Earlier this week StorageMojo published summaries of two papers from the USENIX FAST ’07 conference, Google’s Disk Failure Experience and Everything You Know About Disks Is Wrong. I also published a briefer summary on Computerworld.com.

The credibility of the industry is in question
Both FAST papers were listed on slashdot.org, resulting in over 100,000 unique visitors here, and who knows how many downloads of the original papers. In short, the topic of disk MTBFs (or AFR’s), along with related issues raised in the papers, excited a great deal of popular attention.

The papers suggested that important assumptions about disks, and by implication, arrays, are wrong – and not just a little.

  • Failure rates are several times higher than reported by drive companies.
  • Actual MTBFs (or AFRs) of “enterprise” and “consumer” drives are much pretty much the same.
  • Drive failure rates rise steadily with age rather than staying flat through some n-year mark.
  • SMART is not a reliable predictor of drive failure.
  • Array disk failures are highly correlated, making RAID 5 two to four times less safe than assumed.

I believe many readers of these papers will conclude that uncomfortable facts were either ignored or misrepresented by companies that knew better or should have known better. For example, in all the discussion of RAID-DP I’ve seen, the argument is couched in terms of unrecoverable read error rates, not, for example, the likelihood of two drives failing in an array is greater than assumed. Given that field MTBF rates seems to be several times higher than vendors say, I’m now wondering about claimed bit error rates.

Many rivers to cross
The industry may have several responses:

  • The paper’s conclusions are wrong (completely or in important respects) and here’s why. Our hands are clean.
  • Gosh, we never correlated the behavior our field service and/or warranty groups saw with the claims made by our vendors or our marketing. We’ll do that now and get back to you with updated information. Thank you for bringing this to our attention.
  • These academic studies may reflect the conditions seen in these point-off-the-enterprise-curve installations, but thanks to our superior supply-chain management, manufacturing, test, burn-in and skilled field service we’ve never observed these effects. Here to give an in-depth review of our service experience is our director of field service engineering. Thank you for giving us the opportunity to highlight our operational superiority.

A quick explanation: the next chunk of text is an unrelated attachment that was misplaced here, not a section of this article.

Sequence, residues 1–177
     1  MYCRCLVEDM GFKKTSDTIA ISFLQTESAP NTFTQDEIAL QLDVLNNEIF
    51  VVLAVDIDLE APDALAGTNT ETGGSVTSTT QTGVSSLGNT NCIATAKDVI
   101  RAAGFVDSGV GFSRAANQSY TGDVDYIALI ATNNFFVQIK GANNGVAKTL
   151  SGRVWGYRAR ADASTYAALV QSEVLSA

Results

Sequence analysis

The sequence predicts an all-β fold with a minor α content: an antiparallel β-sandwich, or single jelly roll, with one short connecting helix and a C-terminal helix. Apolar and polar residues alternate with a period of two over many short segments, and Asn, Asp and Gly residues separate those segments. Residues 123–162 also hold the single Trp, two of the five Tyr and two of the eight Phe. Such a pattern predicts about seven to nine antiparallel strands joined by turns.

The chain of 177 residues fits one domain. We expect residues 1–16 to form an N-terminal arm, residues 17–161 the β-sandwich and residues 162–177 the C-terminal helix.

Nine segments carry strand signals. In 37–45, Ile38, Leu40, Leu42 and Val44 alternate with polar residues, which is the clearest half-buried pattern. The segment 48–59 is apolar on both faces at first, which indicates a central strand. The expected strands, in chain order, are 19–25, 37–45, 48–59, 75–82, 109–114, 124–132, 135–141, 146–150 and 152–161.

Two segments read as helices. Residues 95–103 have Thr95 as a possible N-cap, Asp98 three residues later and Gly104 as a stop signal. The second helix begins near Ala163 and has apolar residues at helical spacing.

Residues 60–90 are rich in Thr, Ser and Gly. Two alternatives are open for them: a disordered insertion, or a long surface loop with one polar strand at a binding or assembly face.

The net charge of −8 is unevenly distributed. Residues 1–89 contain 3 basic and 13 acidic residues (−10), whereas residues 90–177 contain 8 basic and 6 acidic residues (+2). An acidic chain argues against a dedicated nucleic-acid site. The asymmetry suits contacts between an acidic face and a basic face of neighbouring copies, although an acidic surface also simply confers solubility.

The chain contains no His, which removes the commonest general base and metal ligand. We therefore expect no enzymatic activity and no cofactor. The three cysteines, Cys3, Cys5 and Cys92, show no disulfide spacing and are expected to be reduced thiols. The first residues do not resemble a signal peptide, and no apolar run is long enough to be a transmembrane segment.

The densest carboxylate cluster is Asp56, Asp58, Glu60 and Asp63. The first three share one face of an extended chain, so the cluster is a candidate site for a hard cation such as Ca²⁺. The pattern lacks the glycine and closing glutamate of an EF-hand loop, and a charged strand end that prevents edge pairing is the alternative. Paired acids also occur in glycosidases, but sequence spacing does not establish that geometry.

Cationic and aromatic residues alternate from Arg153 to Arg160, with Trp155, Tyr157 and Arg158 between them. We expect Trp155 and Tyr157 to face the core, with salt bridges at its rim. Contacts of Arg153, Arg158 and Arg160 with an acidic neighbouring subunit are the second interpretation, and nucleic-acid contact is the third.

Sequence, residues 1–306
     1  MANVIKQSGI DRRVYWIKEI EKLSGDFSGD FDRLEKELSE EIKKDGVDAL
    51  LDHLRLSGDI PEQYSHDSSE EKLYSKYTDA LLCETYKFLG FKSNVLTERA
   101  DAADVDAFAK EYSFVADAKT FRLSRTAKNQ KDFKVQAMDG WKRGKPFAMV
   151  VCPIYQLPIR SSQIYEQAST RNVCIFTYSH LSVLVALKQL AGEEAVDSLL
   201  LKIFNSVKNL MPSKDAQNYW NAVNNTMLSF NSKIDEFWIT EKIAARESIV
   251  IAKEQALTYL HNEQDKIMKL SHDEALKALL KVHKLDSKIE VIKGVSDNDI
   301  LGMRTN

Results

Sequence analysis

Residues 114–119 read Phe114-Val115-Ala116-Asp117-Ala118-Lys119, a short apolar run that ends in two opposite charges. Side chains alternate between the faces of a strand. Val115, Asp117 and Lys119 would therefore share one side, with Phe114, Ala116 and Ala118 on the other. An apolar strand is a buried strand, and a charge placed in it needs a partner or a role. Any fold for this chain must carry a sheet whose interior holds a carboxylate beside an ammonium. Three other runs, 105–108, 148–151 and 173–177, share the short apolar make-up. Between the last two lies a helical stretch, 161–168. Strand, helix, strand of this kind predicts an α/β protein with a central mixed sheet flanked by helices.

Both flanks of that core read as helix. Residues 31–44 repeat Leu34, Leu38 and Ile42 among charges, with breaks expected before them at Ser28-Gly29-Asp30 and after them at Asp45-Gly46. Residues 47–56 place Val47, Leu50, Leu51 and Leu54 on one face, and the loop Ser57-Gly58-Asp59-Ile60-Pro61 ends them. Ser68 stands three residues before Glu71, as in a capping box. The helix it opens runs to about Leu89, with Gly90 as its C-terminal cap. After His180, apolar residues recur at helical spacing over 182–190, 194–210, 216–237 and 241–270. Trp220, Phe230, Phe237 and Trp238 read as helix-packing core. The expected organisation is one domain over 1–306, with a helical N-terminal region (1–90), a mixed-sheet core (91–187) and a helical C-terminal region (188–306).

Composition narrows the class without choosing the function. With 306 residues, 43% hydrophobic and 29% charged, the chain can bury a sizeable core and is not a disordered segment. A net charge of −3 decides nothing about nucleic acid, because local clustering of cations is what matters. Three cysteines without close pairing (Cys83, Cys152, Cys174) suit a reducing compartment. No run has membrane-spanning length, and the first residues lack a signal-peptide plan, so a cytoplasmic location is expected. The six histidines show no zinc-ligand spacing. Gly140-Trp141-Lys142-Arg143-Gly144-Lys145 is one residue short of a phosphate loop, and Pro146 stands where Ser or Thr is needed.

Or most likely a combination of all three strategies.

Where do we go from here?
These issues resonate widely based on the comments I’ve seen. This being the age of interactive communication, you’ll need to engage with customers on multiple levels to regain the trust and credibility I know you’d like to enjoy.

I’m offering StorageMojo as a platform for your responses. I’d really like to hear what you have to say about these papers and the anomalies they’ve documented.

I’ll give each of you your own post to write what you will. StorageMojo readers, including me, will be free to comment. You’ll get your statements out without journalistic interpretation. If those of you with bloggers like Hu, Dave or Mark choose to respond there, I’ll be happy to link those posts for my readers who might not otherwise see them.

The StorageMojo take
The industry has an excellent opportunity to move to greater transparency with storage consumers. Sometimes relationships need a jolt to remind everyone just how much we rely upon each other. Storage is a vital industry with the responsibility to protect and access an ever increasing fraction of mankind’s data. Customers want the best tools for the job. It appears the industry hasn’t been providing them, at least for disk drives. I know some efforts are underway in IDEMA to improve the quality of the numbers. I’d get serious about ensuring that the revised processes actually benefit customers rather than soothing corporate egos. Otherwise this situation will arise again.

Further, the need to engage at a more personal level is a predictable outcome of the continuing consumerization of IT. This is an example of the new normal. Embrace it.

So how about it? Will you respond?

Update: after looking at this in the morning, I decided that it fell short of the clarity I strive for. So this version is punched up a bit from yesterday.

Update II: NetApp has responded. I’m hoping other vendors will as well.

More than ever, comments welcome. Moderation turned on to evade the phentermine dealers, among others. What is phentermine, anyway>